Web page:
Should the Same Products Consumed in Different Retail Channels Have an Identical Carbon Footprint? An Environmental Assessment of Consumer Preference of Retail Channels and Mode of Transport
sustainable customer transportation
logistics of retail channel
Environmental effects of industries and plants
Renewable energy sources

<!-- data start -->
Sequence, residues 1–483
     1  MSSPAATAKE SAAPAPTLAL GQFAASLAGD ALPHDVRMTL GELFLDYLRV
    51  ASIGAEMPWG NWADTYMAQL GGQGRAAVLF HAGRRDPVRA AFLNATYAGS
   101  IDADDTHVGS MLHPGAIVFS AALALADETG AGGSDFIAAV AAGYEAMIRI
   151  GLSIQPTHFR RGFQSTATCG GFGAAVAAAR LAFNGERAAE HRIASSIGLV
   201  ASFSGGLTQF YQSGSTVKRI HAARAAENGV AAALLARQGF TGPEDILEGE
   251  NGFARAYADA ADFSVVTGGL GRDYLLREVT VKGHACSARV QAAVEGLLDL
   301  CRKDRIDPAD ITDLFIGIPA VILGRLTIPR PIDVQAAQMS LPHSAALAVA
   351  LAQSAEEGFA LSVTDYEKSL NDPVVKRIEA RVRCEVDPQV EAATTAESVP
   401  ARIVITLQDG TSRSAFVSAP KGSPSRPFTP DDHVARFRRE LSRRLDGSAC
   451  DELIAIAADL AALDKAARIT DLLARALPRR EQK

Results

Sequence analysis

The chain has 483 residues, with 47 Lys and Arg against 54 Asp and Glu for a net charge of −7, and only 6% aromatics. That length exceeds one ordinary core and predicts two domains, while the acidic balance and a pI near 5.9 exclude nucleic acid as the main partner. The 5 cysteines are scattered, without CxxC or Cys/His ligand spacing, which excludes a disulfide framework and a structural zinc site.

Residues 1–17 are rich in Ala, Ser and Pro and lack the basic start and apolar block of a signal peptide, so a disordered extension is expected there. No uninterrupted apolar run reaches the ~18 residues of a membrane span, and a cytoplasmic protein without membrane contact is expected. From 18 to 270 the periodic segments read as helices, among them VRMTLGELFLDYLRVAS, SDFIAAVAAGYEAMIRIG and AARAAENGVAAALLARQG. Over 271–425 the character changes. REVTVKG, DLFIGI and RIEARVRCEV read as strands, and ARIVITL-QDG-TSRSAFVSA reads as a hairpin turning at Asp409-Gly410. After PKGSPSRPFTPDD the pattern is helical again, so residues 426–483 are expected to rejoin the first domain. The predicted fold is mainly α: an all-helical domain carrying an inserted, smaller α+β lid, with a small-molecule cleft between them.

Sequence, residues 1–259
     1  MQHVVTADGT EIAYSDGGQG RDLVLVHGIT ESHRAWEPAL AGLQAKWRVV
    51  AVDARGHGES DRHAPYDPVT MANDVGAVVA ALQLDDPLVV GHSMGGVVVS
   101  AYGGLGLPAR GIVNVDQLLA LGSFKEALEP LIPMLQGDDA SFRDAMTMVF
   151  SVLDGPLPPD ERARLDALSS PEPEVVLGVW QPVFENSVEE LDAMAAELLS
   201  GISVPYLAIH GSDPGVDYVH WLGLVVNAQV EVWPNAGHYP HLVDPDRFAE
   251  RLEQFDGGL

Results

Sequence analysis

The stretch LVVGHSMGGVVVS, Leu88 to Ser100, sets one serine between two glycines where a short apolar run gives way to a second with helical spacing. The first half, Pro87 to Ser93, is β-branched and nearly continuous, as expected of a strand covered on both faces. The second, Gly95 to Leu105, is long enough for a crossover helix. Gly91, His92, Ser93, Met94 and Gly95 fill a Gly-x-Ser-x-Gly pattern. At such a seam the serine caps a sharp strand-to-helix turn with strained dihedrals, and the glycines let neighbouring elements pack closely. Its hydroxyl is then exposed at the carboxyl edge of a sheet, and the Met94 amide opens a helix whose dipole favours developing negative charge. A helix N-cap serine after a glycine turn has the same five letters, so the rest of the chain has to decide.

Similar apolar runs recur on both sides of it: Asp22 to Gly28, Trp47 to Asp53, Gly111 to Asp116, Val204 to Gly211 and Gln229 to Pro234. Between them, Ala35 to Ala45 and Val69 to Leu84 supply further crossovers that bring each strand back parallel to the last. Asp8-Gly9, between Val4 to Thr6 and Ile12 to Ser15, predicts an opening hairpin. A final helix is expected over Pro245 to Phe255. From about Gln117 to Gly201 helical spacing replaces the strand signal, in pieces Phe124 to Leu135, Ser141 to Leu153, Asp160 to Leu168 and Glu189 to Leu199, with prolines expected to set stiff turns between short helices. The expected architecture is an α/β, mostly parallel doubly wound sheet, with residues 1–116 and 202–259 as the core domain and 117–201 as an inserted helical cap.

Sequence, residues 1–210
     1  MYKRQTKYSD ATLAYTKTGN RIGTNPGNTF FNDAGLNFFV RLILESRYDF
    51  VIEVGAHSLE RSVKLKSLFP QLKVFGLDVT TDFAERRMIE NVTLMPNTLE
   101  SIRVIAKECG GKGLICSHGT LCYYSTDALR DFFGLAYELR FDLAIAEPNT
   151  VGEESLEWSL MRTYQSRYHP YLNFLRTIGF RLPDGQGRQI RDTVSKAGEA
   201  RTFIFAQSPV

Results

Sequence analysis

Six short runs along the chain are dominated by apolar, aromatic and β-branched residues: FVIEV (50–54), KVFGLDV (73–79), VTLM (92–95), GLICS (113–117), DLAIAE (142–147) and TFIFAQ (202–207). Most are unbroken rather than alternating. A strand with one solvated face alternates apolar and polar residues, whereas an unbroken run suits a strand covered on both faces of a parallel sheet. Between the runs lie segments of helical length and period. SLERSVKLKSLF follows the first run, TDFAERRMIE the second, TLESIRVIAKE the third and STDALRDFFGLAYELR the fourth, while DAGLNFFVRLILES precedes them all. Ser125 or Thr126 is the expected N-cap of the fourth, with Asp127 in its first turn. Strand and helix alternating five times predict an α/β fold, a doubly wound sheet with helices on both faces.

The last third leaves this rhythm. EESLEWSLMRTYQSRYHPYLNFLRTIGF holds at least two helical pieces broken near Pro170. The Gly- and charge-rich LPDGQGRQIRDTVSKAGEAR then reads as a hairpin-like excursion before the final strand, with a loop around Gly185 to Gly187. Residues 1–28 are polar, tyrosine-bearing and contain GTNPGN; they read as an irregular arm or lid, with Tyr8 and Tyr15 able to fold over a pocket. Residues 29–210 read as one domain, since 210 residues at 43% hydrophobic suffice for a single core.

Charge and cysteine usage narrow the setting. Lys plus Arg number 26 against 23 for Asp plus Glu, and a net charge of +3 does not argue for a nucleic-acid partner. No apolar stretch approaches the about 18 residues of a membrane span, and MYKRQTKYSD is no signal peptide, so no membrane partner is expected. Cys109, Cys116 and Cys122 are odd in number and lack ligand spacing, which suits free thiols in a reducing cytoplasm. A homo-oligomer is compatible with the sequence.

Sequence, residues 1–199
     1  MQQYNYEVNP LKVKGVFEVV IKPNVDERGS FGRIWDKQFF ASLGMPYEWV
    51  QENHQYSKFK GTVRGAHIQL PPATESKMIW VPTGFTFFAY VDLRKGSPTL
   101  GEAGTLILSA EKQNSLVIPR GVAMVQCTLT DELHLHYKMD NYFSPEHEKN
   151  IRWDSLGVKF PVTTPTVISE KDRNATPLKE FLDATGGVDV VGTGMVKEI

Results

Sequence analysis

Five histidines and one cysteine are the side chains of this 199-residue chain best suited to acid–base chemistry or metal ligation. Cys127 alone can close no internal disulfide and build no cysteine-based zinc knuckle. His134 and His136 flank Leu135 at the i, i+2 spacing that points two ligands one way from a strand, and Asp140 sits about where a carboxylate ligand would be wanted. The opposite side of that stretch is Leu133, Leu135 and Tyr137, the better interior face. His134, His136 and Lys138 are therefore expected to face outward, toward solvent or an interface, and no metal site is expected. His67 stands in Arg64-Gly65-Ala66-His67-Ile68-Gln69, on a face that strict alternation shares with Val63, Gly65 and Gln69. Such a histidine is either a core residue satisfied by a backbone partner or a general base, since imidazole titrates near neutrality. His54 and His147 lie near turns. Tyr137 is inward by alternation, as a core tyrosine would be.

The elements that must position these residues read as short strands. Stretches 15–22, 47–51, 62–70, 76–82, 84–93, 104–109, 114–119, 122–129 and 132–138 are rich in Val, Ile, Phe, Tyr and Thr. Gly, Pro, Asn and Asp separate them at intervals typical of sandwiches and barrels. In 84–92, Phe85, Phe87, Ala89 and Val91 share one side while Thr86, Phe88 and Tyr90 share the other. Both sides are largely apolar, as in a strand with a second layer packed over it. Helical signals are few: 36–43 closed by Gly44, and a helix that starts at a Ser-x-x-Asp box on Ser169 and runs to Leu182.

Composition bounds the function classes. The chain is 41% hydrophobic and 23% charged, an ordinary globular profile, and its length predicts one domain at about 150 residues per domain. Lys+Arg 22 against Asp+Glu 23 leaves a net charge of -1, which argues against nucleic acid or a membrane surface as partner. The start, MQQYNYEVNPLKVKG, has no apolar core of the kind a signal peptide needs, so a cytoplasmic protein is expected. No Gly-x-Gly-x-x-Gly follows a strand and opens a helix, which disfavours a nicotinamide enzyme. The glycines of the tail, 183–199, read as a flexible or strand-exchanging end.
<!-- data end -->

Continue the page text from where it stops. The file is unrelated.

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AbstractThis study involved an environmental assessment of retail channels using the simplified life-cycle assessment (LCA) method to quantify the environmental impact of packaged beverages consumed in 7-Eleven convenience stores (c-stores) and Carrefour hypermarkets, with the aim of offering shoppers more environmentally friendly chain stores. The life-cycle impact assessment (LCIA) of packaged drinks at the point of sale (POS) shows the environmental impact of (1) consumer transportation mode and (2) truck distribution. A comparative analysis was conducted on the consumption of 1800 cartons of packaged beverages in c-stores compared to hypermarket channels replenished by individual distribution systems. The paired <i>t</i>-test was used to assess the impact of the consumption of 1800 boxes of 24 packs of 10-ounce drinks. The significance level of the beverages consumed in Carrefour and 7-Eleven c-stores differed by 0.1. The logistics-focused LCA explained the environmental and business rationale for replenishment and sustainable customer transportation. We conclude that, due to consumer preference for retail channels and mode of transport, the carbon footprint for the same products consumed in different channels should not be identical. The research demonstrated a tool to convey more environmental profiles of transportation mode selection to consumers and contribute to building sustainable communities.